At the end of Faron's 9 months of unemployment, I must say that we were clean out of meats and cheeses and the like - but we're slowly getting re-stocked. Did ya'll know he'd gotten his DREAM JOB?? He is now employed by DCNR and works at World's End State Park as what they term a "Semi-skilled Laborer" and what Faron calls "general maintenance." He LOVES his new job so the entire family is much happier!


    PS Anyone know where our RDD Bobblehead is, and, more importantly, why haven't we seen any photos of him on his travels??

  7. I'd never heard of World's End State I looked it up. Gorgeous! How fortunate to be able to work somewhere so beautiful!

    We do okay without fresh milk - I personally don't drink milk (I'd like to plead lactose intolerance...but it's more of a phobia(yes, I'm weird)), the person that uses milk the most in our home is my 16 year old son, and for some reason he's okay with powdered milk. I'd miss fresh produce pretty quickly, especially bananas.

  8. Betty Barbara here--
    I think our record for being snowed in where I live is about 3 days. We live on a street that is quickly plowed (unlike the rest of our neighborhood, poor dears). So getting to the grocery store is usually possible before the pantry/freezer comes close to empty. That said-add me to the "milk" people. And Betty Debbie, thanks for reminding me about bananas. Yep, we'd miss those too. But we could cope better without bananas than we could milk.

  9. Betty Barbara again--

    Yeah--where IS the RDD bobblehead??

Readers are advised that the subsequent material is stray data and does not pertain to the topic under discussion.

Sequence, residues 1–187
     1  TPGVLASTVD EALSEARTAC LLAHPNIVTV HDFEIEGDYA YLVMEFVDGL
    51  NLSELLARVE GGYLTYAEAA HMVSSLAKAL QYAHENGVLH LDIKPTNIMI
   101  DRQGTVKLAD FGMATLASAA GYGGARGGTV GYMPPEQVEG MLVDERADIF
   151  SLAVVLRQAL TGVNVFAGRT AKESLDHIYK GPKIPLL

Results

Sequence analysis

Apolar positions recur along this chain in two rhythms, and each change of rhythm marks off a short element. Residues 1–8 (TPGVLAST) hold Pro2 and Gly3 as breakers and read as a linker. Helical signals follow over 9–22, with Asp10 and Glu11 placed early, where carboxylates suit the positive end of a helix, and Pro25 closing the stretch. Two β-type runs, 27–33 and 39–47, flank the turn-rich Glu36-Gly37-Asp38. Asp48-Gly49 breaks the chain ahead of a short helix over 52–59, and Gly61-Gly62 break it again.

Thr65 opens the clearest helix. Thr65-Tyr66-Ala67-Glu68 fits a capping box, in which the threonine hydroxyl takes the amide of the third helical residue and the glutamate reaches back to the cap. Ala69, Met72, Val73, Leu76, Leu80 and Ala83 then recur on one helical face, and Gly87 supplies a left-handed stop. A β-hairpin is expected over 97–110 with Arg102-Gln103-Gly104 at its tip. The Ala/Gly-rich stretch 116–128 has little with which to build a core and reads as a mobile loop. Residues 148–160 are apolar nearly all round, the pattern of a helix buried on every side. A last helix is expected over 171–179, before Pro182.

I'm betting it is languishing at Betty JoDee's.
    Thanks Betty Cindy for remembering him.

    And congrats to your dear hubby on landing a job at such a beautiful park!

  10. Betty JoDee swears no knowledge of the RDD bobblehead, and I know I don't have it. Heck, I don't need it -- I have both Brit Hubs here this weekend, so not one but two REW bobbleheads, in the flesh as it were.

  11. Magdalen, please do take a short video clip of both of your REWs bobbling...



  12. We can and freeze. But eat it all withing one year. Our garden is big, but not huge.

    It's fun to have lots of extra food from the garden because then we can give it to people.

    I love how most heroines in BN work in the garden and know how!!!! Especially that one who was young and lived in the country and was poor and had a HUGE garden and lived with an elderly aunt? And then had to pick strawberries or something for a living? I couldn't do what she did. It's such hard work.

  13. I think I sent the RDDBH to Betty Mary. I also think that I have a RDDBH travel picture, but I'll have to download the 546 photos on my camera to find it! There's also a Betty in the Wild photo in there somewhere.

  14. I went back to find this post given the recent reprise of An Old-Fashioned Girl. Also because the Jonkheer just did a Costco run, so we have three unopened half-gallons of milk in the fridge; the kind with the extra-long shelf life. And, as I stuffed a bag of dried navy beans into the pantry, it occurred to me that many of the older English folks I know really dislike pasta. Meanwhile, here in the USA, if the temps outside ever drop below 50F again (there are hordes of daffodils blooming along the Potomac, which is not how February is supposed to happen in northern Virginia), the Jonkheer and I will be able to survive about three months on spaghetti, linguine, fettucine and tortellini with can after can after can of tomato sauce.